10 health snacks for older adults in senior care in Carmel

10 Healthier Snacks for Adults in Senior Care

People in senior care need proper nutrition at least as much as the general population. Eating a healthy diet with ample fruits and vegetables, high-quality protein, nuts, seeds, and legumes is important. Avoiding red meat, processed foods and sweets is also a good idea. Our bodies need the right amounts of vitamins, minerals, and other nutrients to stay strong and free from illness and disease.

Unfortunately, adults in senior care commonly suffer from chronic illness, possibly with high blood pressure, type 2 diabetes, heart disease, or cancer. These problems are all potentially connected to poor eating habits and lifestyle choices. Older adults in senior care often have additional requirements, needing more vitamin B and D than younger adults, and there could be other needs to consider, too.

The majority of adults in senior care will benefit from eating healthy snacks to stabilize blood sugar levels in between their meals. This can prevent overeating and help maintain energy levels throughout the day. Healthy snacks should be from whole foods, as opposed to prepared or processed foods that are usually high in sodium, fat, sugar, and/or preservatives. With a little foresight, you can prepare foods to keep on hand.

Here are some easy and healthy snack ideas to provide to an aging adult in senior care:

  1. Dehydrated apple slices
  2. A variety of hummus to be enjoyed with carrots, peppers, or cucumber slices
  3. Popcorn (with small amount of salt and butter)
  4. Fresh apple slices topped with almond butter
  5. Whole-grain crackers with a small chunk of cheese
  6. Oatmeal with strawberries or blueberries on top
  7. Celery sticks with almond butter, peanut butter, or cream cheese
  8. Tortilla chips with mildly spiced salsa
  9. Dried banana chips
  10. Avocado on whole wheat toast

Besides eating healthy whole foods, it’s vitally important for those in senior care to keep hydrated. Having enough fluids is good for the heart and brain, and it helps adults feel more energized, too. Many fruits and vegetables are high in water content, but senior care patients may need to drink at least 8 glasses of water per day for maximum benefit. Water infused with cucumber slices, lemon or other fresh fruit can be more palatable.

Call the Home Care Assistance office near you for senior care options that are mindful of the dietary needs of your loved ones.


5 Early Warning Signs of Alzheimer’s Disease

You may have misplaced your keys before. Everyone does from time to time. You may have met someone new and immediately forgotten his or her name. Don’t worry. These are normal memory issues that everyone may deal with on occasion.

Memory loss that affects one’s daily activities, like missing scheduled appointments, or forgetting one’s way while driving in a familiar area can be symptoms of something serious. These types of problems can signal dementia, or Alzheimer’s, a common form of dementia. At that point, Alzheimer’s care may be helpful for your loved one.

Alzheimer’s disease is considered degenerative in nature. In other words, Alzheimer’s disease continues to worsen over time as with other terminal illnesses. There is no good prognosis for those in Alzheimer’s care. As this disease continues to ravage the brain in later stages, symptoms are easier to recognize, even to strangers.

Early signs of Alzheimer’s disease might be missed unless you know what you’re looking for in an older adult.

5 Early Warning Signs of Alzheimer’s Disease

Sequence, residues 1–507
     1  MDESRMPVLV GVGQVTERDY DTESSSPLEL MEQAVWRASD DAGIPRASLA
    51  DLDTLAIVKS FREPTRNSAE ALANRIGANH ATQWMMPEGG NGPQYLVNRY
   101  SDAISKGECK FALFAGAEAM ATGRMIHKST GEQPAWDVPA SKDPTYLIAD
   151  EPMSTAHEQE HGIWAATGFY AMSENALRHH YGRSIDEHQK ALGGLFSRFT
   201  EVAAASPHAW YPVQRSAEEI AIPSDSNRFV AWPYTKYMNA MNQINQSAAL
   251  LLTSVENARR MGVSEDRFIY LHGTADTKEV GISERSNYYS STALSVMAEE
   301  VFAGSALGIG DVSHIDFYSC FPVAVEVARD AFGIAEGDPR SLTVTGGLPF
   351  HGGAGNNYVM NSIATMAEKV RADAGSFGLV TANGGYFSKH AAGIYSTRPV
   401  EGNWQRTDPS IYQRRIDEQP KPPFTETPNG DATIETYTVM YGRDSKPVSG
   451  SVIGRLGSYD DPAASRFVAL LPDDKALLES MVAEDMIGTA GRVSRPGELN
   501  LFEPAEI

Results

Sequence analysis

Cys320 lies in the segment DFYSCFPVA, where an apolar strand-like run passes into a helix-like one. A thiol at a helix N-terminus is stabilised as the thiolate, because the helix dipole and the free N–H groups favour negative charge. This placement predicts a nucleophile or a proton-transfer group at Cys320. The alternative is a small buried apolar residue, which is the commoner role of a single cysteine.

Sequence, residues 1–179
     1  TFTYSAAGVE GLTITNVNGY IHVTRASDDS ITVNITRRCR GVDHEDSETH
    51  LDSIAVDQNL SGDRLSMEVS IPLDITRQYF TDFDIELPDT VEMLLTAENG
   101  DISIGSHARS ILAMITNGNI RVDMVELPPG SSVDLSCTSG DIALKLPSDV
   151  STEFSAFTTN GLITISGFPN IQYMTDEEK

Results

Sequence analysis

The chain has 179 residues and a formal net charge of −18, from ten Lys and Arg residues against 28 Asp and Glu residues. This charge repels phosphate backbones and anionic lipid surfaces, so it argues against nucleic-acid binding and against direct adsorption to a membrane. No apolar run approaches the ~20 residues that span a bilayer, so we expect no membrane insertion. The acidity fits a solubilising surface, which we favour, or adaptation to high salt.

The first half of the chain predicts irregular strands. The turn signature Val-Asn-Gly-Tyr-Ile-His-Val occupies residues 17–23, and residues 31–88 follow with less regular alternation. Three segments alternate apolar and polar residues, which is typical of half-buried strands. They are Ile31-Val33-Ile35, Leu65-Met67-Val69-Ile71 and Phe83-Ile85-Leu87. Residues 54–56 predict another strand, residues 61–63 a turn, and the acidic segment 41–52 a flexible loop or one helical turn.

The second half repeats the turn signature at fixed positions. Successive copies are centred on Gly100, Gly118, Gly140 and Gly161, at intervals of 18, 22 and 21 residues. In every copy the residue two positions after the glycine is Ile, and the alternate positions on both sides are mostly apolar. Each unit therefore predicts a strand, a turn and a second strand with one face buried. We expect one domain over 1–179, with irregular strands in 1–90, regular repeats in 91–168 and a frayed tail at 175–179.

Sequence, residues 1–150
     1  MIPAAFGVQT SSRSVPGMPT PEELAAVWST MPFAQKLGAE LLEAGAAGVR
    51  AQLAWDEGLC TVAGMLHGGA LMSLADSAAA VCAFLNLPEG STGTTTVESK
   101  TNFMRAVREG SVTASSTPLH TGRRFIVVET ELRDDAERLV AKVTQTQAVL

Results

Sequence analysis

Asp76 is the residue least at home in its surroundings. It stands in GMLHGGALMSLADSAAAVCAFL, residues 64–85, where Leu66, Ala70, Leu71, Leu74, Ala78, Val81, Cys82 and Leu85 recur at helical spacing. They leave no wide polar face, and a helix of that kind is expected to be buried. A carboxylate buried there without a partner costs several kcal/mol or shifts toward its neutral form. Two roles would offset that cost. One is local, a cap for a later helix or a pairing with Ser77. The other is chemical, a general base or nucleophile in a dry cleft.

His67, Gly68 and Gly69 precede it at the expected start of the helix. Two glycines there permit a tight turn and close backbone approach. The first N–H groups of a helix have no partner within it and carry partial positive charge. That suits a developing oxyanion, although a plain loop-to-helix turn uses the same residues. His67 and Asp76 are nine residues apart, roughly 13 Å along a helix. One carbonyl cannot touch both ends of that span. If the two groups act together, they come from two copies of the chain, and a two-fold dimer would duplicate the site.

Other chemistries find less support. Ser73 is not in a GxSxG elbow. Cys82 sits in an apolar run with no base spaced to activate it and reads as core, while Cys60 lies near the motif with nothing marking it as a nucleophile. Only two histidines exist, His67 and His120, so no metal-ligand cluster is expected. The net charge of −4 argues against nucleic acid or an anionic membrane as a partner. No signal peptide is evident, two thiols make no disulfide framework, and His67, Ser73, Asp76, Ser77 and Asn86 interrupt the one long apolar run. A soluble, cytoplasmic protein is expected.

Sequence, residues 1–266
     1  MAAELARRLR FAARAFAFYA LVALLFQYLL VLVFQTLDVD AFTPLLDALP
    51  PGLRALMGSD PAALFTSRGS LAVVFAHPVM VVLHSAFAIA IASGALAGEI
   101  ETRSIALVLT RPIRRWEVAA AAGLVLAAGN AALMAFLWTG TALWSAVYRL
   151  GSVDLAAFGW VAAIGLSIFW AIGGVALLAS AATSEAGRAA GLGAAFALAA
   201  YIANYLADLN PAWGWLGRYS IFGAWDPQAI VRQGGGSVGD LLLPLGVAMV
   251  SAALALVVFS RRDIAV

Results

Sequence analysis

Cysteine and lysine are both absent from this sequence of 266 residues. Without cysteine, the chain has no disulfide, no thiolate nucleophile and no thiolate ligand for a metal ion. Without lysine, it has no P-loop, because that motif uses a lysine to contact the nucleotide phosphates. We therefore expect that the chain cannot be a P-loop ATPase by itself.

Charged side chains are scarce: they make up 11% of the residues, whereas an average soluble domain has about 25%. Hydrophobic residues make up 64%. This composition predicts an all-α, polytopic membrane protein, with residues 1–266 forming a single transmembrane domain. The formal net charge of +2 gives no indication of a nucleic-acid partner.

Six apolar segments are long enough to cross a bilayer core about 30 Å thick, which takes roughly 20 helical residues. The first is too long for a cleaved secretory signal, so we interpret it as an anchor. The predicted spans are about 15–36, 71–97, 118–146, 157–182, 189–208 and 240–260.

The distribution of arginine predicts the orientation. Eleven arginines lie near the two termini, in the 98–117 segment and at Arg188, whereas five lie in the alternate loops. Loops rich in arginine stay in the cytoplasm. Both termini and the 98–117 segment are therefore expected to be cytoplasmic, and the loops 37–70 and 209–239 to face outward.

1. Loss of memory: Everyone retains a very small amount of what is learned daily, but someone in the early Alzheimer’s forgets more quickly. When someone asks you the same question over and over because they don’t remember that you’ve already answered, it’s a sign that there’s a problem.
  2. Changes in activities: When there are obvious changes in activities or daily habits, there may be cause for concern. An older adult may even state that he or she thinks something isn’t right, but can’t quite clarify what it is. Social activities might feel awkward and embarrassing, making the adult withdrawn.
  3. Money problems: When an aging adult makes mistakes, paying some bills twice, leaving other unpaid, there’s likely a serious problem. Eventually, checkbooks, paying bills, managing home or business expenses all become too challenging. When finances seem askew, money is given away, or pricey items are bought, but can’t be paid for, there may be cause for concern.
  4. Losing things: When you repeatedly have to help find the items your aging loved one stashed, it’s a red flag there’s something wrong. Even in the early Alzheimer’s stages, older adults might forget where they were earlier in the same day and are unable to recall, even with cues and additional time.
  5. Getting lost in a familiar area: Alzheimer’s creates loss of memory, sometimes making people lost in their own neighborhoods or other areas that have been familiar with for many years. When someone can’t find the local grocery store or their favorite café, there may be a problem.

When you imagine that your loved one might be suffering from Alzheimer’s, it’s frightening. Families oftentimes deny initial cues, but an early diagnosis is helpful for planning Alzheimer’s care in the future.

Call Home Care Assistance today to prepare a compassionate Alzheimer’s care plan for your loved one with dementia or Alzheimer’s.

Senior home care provider reading a newspaper with older woman

Benefits of In Home Care vs. Nursing Homes in Carmel, IN

As aging progresses, even the most independent seniors might eventually need assistance. The need may be precipitated by a fall or accident, a diagnosis of dementia, or simply the noticeable process of aging. Regardless of the situation, how can one decide whether aging in place versus a nursing home is the best solution?